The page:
The ongoing feud in West Virginia over the Next Generation Science Standards has ended, for now, with a somewhat surprising decision to amend the standards to satisfy climate-change skeptics.
As I wrote in January, the West Virginia state board initially voted to adopt the science standards but with modified language concerning climate change. School board member Wade Linger spearheaded the push for those edits, saying there’s debate about whether global warming is occuring.
The amended standards included language about the “rise and fall of global temperature[s] over the past century,” rather than just stating that global temperatures “have risen.”
But the board’s modifications were met with heavy pushback from educators and scientists across the state—and soon made national headlines. The board voted to go back to the original standards and put those out to the public for further comments.
Immediately after that vote, Gayle C. Manchin, the president of the state board, told me she expected the original Next Generation Science Standards to pass.
But that’s not what happened. Yesterday, the board voted to adopt the standards with amendments—though slightly different ones than the previous edits.
The changes again came at the behest of Linger, reports the West Virginia Gazette.
Instead of saying “rise and fall of global temperature[s],” the 6th grade standard now says “changes” in temperatures. And a high school standard that asks students to debate climate changes with regard to greenhouse gases and human actions now also includes the words “natural forces.”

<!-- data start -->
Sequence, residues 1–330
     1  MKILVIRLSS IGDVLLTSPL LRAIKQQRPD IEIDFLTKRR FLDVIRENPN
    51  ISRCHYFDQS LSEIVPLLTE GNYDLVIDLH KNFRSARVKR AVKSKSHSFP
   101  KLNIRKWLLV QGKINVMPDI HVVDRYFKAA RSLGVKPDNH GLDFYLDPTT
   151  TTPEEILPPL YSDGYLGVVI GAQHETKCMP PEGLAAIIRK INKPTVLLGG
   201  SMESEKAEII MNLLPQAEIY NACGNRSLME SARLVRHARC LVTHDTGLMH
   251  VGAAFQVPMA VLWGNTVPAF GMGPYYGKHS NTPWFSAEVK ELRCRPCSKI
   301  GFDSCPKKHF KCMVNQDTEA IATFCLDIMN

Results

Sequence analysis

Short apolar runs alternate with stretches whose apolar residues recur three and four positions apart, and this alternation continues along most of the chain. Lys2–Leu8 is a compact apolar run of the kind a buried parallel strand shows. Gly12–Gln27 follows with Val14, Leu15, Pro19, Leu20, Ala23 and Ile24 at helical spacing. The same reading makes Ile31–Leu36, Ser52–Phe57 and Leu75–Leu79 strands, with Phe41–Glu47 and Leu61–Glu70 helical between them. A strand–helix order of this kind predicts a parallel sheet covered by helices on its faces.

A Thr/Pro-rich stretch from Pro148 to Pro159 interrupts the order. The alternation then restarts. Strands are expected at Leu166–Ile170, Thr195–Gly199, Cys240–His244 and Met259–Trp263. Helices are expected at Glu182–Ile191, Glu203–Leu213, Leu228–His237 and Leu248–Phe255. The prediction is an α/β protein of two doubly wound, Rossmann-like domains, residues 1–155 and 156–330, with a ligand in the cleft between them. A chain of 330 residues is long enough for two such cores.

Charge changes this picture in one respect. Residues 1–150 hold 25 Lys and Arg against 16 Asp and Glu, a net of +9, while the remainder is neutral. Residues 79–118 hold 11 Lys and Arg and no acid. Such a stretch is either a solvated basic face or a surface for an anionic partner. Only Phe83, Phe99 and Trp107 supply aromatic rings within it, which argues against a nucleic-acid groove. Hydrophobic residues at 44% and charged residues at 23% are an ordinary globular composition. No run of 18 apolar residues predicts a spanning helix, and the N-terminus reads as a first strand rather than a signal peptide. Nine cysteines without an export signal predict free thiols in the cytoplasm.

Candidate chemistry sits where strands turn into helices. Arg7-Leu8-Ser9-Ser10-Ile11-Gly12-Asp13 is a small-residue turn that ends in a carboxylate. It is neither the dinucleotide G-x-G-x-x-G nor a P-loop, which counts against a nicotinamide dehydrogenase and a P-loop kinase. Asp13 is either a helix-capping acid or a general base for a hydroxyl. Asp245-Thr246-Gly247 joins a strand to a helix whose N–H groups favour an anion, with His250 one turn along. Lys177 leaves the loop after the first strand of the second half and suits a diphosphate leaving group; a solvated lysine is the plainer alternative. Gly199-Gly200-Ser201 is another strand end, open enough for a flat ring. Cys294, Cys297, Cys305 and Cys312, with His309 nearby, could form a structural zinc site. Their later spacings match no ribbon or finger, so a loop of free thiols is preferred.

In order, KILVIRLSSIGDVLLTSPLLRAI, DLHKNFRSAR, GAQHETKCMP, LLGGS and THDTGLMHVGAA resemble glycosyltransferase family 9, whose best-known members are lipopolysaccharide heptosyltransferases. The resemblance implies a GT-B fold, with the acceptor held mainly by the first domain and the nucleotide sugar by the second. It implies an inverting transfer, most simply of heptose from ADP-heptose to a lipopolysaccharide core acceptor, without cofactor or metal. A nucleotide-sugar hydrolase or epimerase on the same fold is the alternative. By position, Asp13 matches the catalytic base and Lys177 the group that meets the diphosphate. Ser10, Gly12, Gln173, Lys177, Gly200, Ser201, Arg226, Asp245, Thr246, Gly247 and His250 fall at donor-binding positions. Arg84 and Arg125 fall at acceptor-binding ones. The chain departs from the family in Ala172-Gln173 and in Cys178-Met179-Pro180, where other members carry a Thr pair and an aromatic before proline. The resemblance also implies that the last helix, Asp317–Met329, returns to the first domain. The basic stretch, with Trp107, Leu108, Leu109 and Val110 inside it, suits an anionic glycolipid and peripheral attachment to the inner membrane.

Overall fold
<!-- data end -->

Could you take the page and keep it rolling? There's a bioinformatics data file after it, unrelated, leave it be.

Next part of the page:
The amended standards were approved 6-2. Manchin voted against them.
The Gazette reports that, while 100 comments are typical for a policy change, the proposed science standards had received more than 7,000 comments. Of those, nearly 6,500 were from individuals and groups that favored adoption of the original standards, with no climate-change edits, the paper says.
It’s worth noting that the school board had undergone changes since it put the science standards back out for comment in January. According to the Charleston Daily Mail, two seats were filled since then—one seat that had been vacant was filled by a member who sided with Linger, and another board member who opposed the changes was replaced by one who did not vote.
Twelve other states and the District of Columbia have adopted the Next Generation Science Standards. Achieve, the group that helped develop the standards, has said states have a right to make revisions. But the National Science Teachers Association has said it will not consider states that make revisions to the standards as adoption states.
A version of this news article first appeared in the Curriculum Matters blog.